In Alabama, it could be Jim Crow all over again
Flash back to the 1950s when Alabama may have been the most dangerous place in the country to be a person of color, at least one who thought he or she should be afforded basic human rights.
Flash forward to 2011 when some are saying Alabama is again the most dangerous place in the country for a person of color. As Alabama’s new immigration law has just been signed and is about to be implemented, rights groups from the American Civil Liberties Union to the Southern Law Poverty Center are crying foul and promising litigation.
The law, which goes into effect Sept. 1, mandates that law enforcement investigate anyone it deems to be “reasonably suspicious” and calls on everyone from doctors to teachers to try and determine the immigration status of anyone they reasonably feel might not be in the country legally.
On Dec. 1, 1955, at the height of racial segregation in the United States, a little-known middle-aged seamstress named Rosa Parks refused to give up her seat to a white passenger on a Montgomery City bus in the southern state of Alabama.
Governor Rober Bentley signs House Bill 56 in Alabama. The bill is similar or perhaps worse than the infamous “Arizona Law” according to many observers.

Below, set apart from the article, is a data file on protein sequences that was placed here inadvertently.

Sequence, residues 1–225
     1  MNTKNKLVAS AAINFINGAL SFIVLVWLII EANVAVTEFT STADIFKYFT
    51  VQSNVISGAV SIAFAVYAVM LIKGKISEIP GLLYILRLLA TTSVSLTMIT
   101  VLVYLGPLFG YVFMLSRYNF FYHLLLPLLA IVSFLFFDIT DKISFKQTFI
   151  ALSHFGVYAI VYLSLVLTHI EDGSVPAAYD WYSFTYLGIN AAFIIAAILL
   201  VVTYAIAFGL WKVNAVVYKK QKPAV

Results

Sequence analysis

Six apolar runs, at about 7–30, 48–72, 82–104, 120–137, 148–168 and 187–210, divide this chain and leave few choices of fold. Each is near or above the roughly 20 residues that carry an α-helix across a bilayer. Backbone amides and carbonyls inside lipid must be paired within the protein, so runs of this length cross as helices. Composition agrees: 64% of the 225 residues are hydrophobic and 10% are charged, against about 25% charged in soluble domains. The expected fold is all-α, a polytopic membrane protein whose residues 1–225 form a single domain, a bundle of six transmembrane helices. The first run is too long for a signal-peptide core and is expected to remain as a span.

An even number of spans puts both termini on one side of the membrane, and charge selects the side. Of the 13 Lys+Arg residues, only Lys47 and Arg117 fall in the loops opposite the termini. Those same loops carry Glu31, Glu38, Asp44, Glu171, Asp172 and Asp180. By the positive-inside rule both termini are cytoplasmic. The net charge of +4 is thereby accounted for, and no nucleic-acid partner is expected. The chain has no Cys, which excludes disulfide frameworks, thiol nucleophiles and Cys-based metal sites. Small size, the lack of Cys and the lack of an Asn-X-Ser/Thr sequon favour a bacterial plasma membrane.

Her small act of civil disobedience sparked the now-legendary Montgomery bus boycott, which has become an iconic moment in the civil rights movement that marked the beginning of the end of the racist Jim Crow laws in 1968.
Now activists say the signing of a draconian piece of anti- immigration legislature on Thursday has turned the once-historic site in the struggle for civil liberties and racial justice into the most dangerous place in the country for immigrants and people of color.
From an article on the Southern Poverty Law Center’s web site:
But in addition to the main elements of Arizona’s widely derided S.B. 1070, which encourages racial profiling, this new law places innocent children in the crosshairs. Every public school will be forced to determine, at the time of enrollment, whether a student is an undocumented immigrant or the child of an undocumented immigrant. Even though the law itself won’t block children from attending public school, the prospect of this schoolhouse inquisition will have a chilling effect on immigrant children enrolling in school.
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